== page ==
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Former chief financial officer gets jail for insider trading, acquiring benefits from criminal conduct

Former chief financial officer gets jail for insider trading, acquiring benefits from criminal conduct

File photo of a gavel. (Photo: CNA/Jeremy Long)

SINGAPORE: A former chief financial officer was on Friday (Jun 10) sentenced to three months and two weeks' jail for insider trading and acquiring benefits from criminal conduct.

Tan Chee Keong was CFO of Broadway Industrial Group Limited (BIGL) at the time of the offences, said the Monetary Authority of Singapore (MAS) in a media release on Friday. He was CFO of the company from Oct 5, 2015 to Aug 8, 2017.

Between March and August 2016, BIGL was in discussions with Platinum Equity Advisors to sell two of its businesses.

Tan had insider information on the deal and disclosed the information to two friends on numerous occasions, knowing that they would likely purchase BIGL shares, said MAS.

"The two individuals subsequently purchased and sold shares in BIGL and made profits," the authority added.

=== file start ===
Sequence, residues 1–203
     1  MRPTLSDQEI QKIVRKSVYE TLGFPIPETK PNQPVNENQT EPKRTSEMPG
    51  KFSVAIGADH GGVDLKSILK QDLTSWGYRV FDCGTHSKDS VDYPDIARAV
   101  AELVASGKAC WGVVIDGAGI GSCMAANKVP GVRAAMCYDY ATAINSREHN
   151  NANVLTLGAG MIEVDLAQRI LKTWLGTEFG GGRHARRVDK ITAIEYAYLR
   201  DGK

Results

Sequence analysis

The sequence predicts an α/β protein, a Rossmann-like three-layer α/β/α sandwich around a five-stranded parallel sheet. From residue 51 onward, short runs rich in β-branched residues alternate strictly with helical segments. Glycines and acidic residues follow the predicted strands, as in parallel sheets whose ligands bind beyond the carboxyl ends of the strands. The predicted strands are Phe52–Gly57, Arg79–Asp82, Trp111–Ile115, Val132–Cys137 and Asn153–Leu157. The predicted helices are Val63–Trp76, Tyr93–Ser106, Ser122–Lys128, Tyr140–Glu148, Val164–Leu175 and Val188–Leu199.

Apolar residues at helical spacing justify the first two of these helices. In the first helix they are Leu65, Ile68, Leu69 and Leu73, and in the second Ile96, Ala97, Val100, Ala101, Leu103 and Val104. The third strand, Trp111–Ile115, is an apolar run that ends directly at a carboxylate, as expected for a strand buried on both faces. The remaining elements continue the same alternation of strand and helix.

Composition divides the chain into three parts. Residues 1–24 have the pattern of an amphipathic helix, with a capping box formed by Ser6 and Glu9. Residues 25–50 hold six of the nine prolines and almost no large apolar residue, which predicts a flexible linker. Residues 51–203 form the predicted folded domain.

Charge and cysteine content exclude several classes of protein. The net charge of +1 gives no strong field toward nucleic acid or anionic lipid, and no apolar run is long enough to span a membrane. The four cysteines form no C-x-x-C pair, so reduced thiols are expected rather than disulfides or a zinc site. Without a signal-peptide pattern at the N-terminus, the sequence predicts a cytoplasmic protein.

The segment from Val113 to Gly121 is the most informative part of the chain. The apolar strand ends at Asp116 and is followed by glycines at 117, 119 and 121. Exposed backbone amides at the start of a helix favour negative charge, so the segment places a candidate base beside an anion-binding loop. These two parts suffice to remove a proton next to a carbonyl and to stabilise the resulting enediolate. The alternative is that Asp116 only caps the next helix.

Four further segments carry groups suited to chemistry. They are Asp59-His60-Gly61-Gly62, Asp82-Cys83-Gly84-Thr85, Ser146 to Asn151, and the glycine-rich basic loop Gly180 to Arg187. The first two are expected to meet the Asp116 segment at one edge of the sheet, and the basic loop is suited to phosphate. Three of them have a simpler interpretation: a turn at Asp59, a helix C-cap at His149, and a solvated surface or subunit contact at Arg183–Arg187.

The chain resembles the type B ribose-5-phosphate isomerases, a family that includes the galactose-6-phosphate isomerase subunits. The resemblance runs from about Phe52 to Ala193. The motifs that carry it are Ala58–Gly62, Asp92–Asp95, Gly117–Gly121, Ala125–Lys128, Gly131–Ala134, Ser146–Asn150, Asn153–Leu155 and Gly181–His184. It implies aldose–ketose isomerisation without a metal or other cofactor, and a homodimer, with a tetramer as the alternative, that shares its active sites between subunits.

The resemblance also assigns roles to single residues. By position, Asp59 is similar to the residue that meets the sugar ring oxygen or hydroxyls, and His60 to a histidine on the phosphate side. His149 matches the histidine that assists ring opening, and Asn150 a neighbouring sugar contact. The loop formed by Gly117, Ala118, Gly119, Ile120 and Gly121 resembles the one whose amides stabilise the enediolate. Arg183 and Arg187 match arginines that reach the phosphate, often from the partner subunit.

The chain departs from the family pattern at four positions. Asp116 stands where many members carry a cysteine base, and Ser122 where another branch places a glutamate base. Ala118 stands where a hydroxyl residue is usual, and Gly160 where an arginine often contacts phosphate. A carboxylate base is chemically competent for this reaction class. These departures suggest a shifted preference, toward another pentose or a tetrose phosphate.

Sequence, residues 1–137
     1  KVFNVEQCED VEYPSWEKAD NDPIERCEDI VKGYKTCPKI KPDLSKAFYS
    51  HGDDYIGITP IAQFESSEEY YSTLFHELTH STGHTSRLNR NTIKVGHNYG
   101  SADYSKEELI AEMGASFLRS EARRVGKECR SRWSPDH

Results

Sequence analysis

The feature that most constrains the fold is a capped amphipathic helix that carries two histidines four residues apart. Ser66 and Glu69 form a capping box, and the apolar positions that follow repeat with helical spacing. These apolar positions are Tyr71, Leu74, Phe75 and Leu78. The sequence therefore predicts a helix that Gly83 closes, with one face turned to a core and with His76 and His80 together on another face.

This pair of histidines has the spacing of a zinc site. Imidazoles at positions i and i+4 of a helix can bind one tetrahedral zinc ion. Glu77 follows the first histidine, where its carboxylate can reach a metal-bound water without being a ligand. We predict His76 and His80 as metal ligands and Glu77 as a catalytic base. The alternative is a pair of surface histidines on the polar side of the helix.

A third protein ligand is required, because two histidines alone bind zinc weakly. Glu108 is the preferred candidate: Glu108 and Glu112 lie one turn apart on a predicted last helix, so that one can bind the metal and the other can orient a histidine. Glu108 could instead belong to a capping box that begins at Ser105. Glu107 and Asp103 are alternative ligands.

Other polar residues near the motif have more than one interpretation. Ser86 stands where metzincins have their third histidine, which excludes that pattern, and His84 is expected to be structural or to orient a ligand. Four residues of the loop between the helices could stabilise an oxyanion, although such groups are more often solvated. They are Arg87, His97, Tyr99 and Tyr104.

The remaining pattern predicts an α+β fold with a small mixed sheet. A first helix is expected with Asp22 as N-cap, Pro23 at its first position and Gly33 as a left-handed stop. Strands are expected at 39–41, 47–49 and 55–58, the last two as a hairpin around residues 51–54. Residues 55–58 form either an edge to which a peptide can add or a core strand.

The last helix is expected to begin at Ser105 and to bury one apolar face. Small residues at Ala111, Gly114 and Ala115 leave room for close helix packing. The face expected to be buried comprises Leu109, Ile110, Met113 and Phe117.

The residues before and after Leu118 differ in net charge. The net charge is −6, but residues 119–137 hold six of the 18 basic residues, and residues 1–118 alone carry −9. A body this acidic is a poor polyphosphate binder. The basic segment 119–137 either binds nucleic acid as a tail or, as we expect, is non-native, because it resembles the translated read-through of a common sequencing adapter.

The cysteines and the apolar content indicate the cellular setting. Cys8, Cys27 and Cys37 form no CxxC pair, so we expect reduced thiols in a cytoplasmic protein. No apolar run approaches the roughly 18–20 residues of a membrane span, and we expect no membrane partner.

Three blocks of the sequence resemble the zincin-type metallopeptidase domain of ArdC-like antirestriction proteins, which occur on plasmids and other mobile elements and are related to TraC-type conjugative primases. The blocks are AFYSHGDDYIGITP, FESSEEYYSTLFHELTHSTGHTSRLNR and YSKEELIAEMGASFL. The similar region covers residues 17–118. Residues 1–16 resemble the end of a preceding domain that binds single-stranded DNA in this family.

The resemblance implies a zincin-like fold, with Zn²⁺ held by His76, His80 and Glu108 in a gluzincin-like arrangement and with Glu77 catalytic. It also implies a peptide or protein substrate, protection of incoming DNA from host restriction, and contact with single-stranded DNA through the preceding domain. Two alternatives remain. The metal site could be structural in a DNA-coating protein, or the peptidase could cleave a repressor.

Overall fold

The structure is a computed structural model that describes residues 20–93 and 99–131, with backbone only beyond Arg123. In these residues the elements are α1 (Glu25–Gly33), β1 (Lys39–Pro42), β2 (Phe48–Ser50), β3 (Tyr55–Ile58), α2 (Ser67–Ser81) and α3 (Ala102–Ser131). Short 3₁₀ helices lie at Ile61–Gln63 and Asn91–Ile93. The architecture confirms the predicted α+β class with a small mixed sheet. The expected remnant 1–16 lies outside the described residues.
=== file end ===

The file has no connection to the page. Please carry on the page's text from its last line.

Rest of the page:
In October 2016, Tan received S$30,000 in cash from one of these friends, which was his share of the profits from the insider trade.

“Tan has paid S$30,000 to the state, as disgorgement of his share of the profits from the offence,” said MAS.

The investigations against Tan arose after a referral by the Singapore Exchange Securities Trading Limited, and he was investigated by MAS and the police's Commercial Affairs Department.

The court proceedings against the two people who were alleged to have received insider information from Tan are ongoing, said MAS.

Tan pleaded guilty to one charge of communicating non-public and material information about BIGL's shares to one of his friends. He was also convicted of a corruption charge after accepting a sum of money from that friend.

A remaining charge of communicating insider information concerning BIGL shares to another friend was taken into consideration for sentencing.

MAS' assistant managing director of policy, payments and financial crime Loo Siew Yee said: "As the chief financial officer of a listed company, Mr Tan owed a duty to the company and its shareholders not to divulge price-sensitive information that has not been disclosed to the market at large.

"His act of conveying such information to his friends to benefit them and himself undermines public confidence in the transparency and integrity of our capital market.

"MAS will continue to pursue officers of companies who engage in such misconduct, to ensure a level playing field for all market participants."

Source: CNA/lk(mi)


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